03/22/2002 12:00AM

Lingfield race a useful trial or public workout?


British and Irish racing emerged from the damp and chilly pleasures of the jumps season this week with the opening of flat-race meetings at Doncaster and the Curragh.

In England, attention has been diverted from Doncaster's Lincoln Handicap meeting not only by the Dubai World Cup but also by the bold attempt of Lingfield Park to lure Johannesburg into a Kentucky Derby prep on its all-weather track.

Arena Leisure, which owns Lingfield and four other British racecourses, has stirred up the British racing world by employing some novel marketing techniques in recent years. Arena has turned Windsor Racecourse into the Monday night place to be with an aggressive campaign aimed at young investor types who work in the City, London's version of Wall Street. Arena also owns the only other tracks in Britain with all-weather, or dirt, surfaces, Southwell and Wolverhampton.

It was to Southwell, just a few miles northeast of Nottingham, that Aidan O'Brien sent Galileo and Johannesburg for dirt works before their arrival in New York for the Breeders' Cup last year. As there are no dirt tracks in Ireland, O'Brien had used the same technique with Giant's Causeway the year before.

The relationship that Arena and its president, Ron Muddle, have developed with O'Brien seems to have played a role in the establishment of the new Kentucky Derby Trial Lingfield will run on April 6, a hallowed date on the British racing calendar as it is the day of the Grand National Steeplechase.

O'Brien is considering two other Derby-nominated horses for Lingfield, Hawk Wing and Castle Gandolfo. They were at Lingfield for a workout last Tuesday with Johannesburg, in addition to Rock of Gibraltar and Sholokhov, a pair who are not nominated to the Derby.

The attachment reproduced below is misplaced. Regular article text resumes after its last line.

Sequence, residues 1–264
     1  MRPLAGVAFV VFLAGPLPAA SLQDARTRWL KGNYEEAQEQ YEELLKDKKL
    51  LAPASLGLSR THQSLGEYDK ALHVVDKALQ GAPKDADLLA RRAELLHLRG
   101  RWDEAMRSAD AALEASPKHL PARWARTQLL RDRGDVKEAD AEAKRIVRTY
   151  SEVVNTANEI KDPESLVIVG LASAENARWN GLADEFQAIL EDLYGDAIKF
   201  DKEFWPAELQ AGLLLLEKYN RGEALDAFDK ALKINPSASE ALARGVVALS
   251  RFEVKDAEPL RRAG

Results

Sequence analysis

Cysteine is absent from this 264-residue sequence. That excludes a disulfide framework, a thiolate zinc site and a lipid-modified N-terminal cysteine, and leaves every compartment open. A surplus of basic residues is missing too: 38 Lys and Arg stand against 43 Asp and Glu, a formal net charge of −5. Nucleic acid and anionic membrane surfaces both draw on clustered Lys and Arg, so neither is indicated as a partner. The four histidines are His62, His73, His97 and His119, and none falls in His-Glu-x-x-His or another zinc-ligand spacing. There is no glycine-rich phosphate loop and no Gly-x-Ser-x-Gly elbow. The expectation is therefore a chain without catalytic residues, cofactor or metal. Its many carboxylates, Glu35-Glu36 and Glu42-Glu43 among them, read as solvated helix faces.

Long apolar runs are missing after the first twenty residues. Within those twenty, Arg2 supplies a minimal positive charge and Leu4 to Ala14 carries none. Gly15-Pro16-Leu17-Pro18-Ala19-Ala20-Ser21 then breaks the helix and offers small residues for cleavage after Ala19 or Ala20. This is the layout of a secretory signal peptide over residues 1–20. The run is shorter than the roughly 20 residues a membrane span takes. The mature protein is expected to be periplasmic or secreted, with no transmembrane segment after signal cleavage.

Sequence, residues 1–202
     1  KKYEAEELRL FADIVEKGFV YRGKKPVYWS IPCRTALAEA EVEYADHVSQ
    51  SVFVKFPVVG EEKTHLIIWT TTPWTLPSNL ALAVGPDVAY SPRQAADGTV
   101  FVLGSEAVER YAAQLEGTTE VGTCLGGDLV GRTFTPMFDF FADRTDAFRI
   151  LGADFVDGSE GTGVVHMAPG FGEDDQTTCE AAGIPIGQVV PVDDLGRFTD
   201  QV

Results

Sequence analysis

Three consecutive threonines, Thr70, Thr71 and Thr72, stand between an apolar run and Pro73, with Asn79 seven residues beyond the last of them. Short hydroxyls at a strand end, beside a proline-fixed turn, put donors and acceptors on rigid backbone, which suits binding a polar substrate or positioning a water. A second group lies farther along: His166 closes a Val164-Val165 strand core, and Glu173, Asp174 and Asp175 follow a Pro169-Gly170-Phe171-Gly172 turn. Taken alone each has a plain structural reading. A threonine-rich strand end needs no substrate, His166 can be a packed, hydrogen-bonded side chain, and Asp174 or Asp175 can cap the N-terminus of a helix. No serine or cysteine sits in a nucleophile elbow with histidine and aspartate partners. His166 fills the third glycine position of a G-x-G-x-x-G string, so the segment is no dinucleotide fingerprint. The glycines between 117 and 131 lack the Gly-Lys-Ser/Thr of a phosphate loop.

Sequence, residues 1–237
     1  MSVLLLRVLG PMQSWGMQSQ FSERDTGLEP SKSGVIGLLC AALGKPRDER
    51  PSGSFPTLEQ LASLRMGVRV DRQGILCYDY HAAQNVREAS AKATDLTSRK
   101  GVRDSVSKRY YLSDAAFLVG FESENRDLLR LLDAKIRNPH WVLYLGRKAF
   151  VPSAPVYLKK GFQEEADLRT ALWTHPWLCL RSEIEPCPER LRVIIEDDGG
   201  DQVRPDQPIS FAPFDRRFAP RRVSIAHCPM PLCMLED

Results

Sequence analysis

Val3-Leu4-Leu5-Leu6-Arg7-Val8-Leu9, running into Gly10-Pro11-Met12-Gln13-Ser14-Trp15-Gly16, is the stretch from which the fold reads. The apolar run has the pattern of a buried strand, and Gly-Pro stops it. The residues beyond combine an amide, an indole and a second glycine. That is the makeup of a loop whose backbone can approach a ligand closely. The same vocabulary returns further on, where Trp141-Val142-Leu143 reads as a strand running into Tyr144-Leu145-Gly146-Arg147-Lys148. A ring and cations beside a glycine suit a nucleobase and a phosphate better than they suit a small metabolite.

All are Group 1 winners except Castle Gandolfo, who was second in the 1 1/4-mile, Group 1 Criterium de Saint-Cloud in November. Johannesburg cantered a mile Tuesday with Rock of Gibraltar and the 5-year-old Shoal Creek. Hawk Wing, Castle Gandolfo, and Sholokhov did likewise in another group.

Whether the one-mile race is in the best interests of Johannesburg in his preparations for a possible attempt at the Kentucky Derby is debatable. According to the conditions of the race, Johannesburg, a four-time Group 1 or Grade 1 winner, will have to carry just three pounds more than any colt or gelding that is not a Grade 1 winner. That is to say, he would carry just three pounds more than a maiden.

Another question is, what kind of competition will Johannesburg face if he lines up at Lingfield on April 6?

Because the race is an allowance, there is no black type to attract rivals, in spite of the $71,400 purse, which is large for a conditions race in England. British trainers are always wary of running lesser types against a Group 1 winner because if they finish close behind him or, heaven forbid, beat him, the Jockey Club handicapper will assign that horse a high rating, and it becomes very difficult to place him in a race with a winning chance for weeks or even months to come.

This means that horses in the listed race or conditions race category may not want to try Johannesburg, especially at the weights, which were clearly contrived by Lingfield to attract Johannesburg or one of his classy stablemates.

So of what value will this race be to Johannesburg? Probably no more, and possibly less, than if he had run in the seven-furlong, Group 3 Gladness Stakes at the Curragh on April 7, when he would be meeting older horses, some of whom would possess group race credentials. The Lingfield race, while well intentioned, could turn into a largely intramural contest. In fact, if Johannesburg runs, it may develop into little more than a public workout for him.

Meanwhile, O'Brien will have his first runners of the Irish season at the Curragh on Sunday. Two of them, Tasmanian Tiger and Century City, are nominated to the Triple Crown. A Storm Cat colt, Tasmanian Tiger was third in his lone start at 2. He will go in a seven-furlong maiden on ground that will be soft to heavy. Century City, by Danzig out of champion Canadian filly Alywow, runs in the seven-furlong, listed Loughbrown Stakes against just three rivals.

World Series seeking new sponsor

On the Maktoum front, Godolphin announced on Wednesday a sponsorship deal with Emirates Airlines worth $10 million. Beginning March 24, jockeys riding for Godolphin in Britain will carry the Emirates logo on their silks.

The deal comes in the wake of the announcement that Emirates is discontinuing its sponsorship of the World Series Racing Championship. The series, which has been expanded to 13 races this year with the addition of the Queen Elizabeth II Cup at Sha Tin on April 21 and the Singapore Airlines International Cup at Kranji on May 11, is negotiating for a new sponsor. Nick Clarke, the series' executive director, promised on Thursday that a new backer would be in place by midsummer.

It is odds-on that the new sponsor will have a Maktoum/UAE connection of one sort or another.